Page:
Market research and technology: the future

Creativity-meets-AI

My last post here examined how tech tools can help in an ever-increasing set of research scenarios (checking hypotheses on the fly, qual at scale, easier analysis of ethno data & remote qual analysis). In this one, I look at where this might lead us. 

New skills, new roles, new tasks

So what’s the payoff from all this tech then Simon, I hear you ask?

Tech can free us up to think, not do.

For researchers, the era of Artificial Intelligence may be more about automating tasks, not jobs. You don’t need to be a techno-utopian to envision a future where drudge work is reduced and we have more time to reflect on our data and what it means.

Our skillset needs to evolve to fit this new ecosystem

The World Economic Forum’s report The Future of Jobs highlighted the 3 skills most prized in modern workers:

  1. Cognitive flexibility
  2. Critical thinking
  3. Creativity.

In the future when inspiration strikes on the train to a briefing meeting you’ll be able to use a free AI tool to generate some hypotheses from a “big dataset”, then bang the results into software to create an animated visualisation of your viewpoint… all without breaking a sweat.

Good researchers will be specialists who have an understanding of related disciplines.

Much has been written about “T-shaped people” – rightly so, because it’s a vivid metaphor. In my experience, clients want business solutions and trust you to combine the right tools and techniques to get there.

I’m never going to grasp the finer points of algorithm design or boolean logic. But I might sit across the office from someone who does and chat with them over lunch. And they might provide a breakthrough on my project. Your collective mind works a lot faster.

Good researchers will be hyper-aware when automation starts to erode their skills.

Because when systems fail, a skilful response is required.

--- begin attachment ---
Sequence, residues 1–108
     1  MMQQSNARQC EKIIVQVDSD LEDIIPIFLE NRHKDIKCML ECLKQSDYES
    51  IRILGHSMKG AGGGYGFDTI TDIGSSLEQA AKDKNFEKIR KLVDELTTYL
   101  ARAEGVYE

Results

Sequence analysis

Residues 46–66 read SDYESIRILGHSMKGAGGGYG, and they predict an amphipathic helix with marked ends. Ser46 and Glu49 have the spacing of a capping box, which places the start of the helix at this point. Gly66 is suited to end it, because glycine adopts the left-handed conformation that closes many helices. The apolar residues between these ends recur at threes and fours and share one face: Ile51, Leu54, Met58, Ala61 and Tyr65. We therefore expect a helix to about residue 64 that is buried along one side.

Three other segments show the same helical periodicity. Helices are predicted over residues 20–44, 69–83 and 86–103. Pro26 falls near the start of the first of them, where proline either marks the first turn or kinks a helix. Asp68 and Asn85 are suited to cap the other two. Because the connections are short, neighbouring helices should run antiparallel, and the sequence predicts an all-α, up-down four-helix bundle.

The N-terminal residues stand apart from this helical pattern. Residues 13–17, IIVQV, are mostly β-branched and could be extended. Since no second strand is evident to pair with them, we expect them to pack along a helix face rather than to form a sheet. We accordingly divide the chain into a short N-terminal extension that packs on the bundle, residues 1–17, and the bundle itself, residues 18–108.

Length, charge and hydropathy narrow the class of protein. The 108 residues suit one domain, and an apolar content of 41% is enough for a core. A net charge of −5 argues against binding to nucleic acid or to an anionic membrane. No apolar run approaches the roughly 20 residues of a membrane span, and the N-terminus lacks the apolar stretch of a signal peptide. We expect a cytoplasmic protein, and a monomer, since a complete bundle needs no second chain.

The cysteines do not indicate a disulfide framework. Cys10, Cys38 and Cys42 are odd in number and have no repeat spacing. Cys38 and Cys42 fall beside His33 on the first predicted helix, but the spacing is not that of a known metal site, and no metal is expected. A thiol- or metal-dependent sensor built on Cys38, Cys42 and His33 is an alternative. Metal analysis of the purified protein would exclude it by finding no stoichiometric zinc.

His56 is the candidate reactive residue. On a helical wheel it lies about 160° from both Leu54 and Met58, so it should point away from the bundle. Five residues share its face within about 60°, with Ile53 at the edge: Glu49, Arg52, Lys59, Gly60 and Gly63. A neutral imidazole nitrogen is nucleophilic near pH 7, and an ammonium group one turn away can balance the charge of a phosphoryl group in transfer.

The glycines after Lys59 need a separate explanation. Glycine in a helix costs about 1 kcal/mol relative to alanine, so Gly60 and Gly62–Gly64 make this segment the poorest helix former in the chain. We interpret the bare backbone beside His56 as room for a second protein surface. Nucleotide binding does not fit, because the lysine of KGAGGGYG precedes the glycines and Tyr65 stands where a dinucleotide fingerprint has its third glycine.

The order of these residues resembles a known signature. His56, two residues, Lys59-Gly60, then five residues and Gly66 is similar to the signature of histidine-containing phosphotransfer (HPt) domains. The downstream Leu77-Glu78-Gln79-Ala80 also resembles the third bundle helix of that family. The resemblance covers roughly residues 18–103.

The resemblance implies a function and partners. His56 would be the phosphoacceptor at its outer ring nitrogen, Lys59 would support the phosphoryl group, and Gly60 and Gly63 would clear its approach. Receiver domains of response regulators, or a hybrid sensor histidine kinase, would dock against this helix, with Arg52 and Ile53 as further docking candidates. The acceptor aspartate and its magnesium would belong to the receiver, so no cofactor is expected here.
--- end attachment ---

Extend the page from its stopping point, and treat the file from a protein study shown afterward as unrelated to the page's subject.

We should be conductors harmonising an orchestra of tech, unintimidated if required to turn our hand to different instruments.

In the future I will set my research AI going to collate and theme sources the day I am commissioned on a project, but if the AI fails I have the skills to explore not just Google, but my library, and can call in favours from my peers ahead of the deadline.

Good researchers will be stretched by the advent of AI.

It has been 21 years since IBM’s Deep Blue first beat Garry Kasparov.

As Kevin Kelley writes“The advent of AI didn’t diminish the performance of purely human chess players. Quite the opposite. Cheap, supersmart chess programs inspired more people than ever to play chess, at more tournaments than ever, and the players got better than ever. There are more than twice as many grand masters now as there were when Deep Blue first beat Kasparov.”

Similarly the world’s best medical diagnostician is not a computer or a doctor, but a team of both. There’s a mutuality and complementarity here. Machines have unrivalled processing power.

But lateral thinking and eureka effects do not reside in binary code.

Insight is a deeply human act

Insight is a creative process

Human interpretation is art as well as science. Consider …

body language (like when a participant leans forward and their eyes light-up)

cultural nuance (knowing the subtext when an Englishman says “I’m fine. Thanks.”)

empathy (your niece’s crocodile tears sounding different to real tears)

common sense (thinking ‘hang on a minute’ when Facebook claimed it reached more UK 15-24 year olds than actually exist)

or even hard-won knowledge (having a feel for causality when considering feedback loops).

The upshot? Insight is a creative process.

Your AI <> big data interface can explore ten thousand data runs a day, but it can’t and won’t tell you what it means, how to combine it with human data, or what to do next. Gut-feel, wisdom and working with clients to inspire cultural change aren’t going to be automated anytime soon.

Insight is a deeply human act. Or to put it another way, insight is a hard AI problem.

Maybe that’s the same thing?

So in summary:

  • Let’s look forward to a future where we automate boring tasks, to focus on interpretation and meaning;
  • Researchers will be conductors of an orchestra of tech, weaving together a symphony of platforms in real time to create harmony;
  • Clients will be our patrons, commissioning each opus to their needs and preferences;
  • We’ll need to adapt our skillsets but we should relish this challenge.

Thanks for reading.

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